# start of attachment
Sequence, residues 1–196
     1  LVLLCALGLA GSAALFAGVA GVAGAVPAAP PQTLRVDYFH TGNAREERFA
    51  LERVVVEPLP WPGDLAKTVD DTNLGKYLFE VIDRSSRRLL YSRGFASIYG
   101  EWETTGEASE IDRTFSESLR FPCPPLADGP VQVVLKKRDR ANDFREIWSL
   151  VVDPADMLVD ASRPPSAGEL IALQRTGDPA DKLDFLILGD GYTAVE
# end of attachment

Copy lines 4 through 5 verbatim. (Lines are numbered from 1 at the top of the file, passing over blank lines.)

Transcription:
   101  EWETTGEASE IDRTFSESLR FPCPPLADGP VQVVLKKRDR ANDFREIWSL
   151  VVDPADMLVD ASRPPSAGEL IALQRTGDPA DKLDFLILGD GYTAVE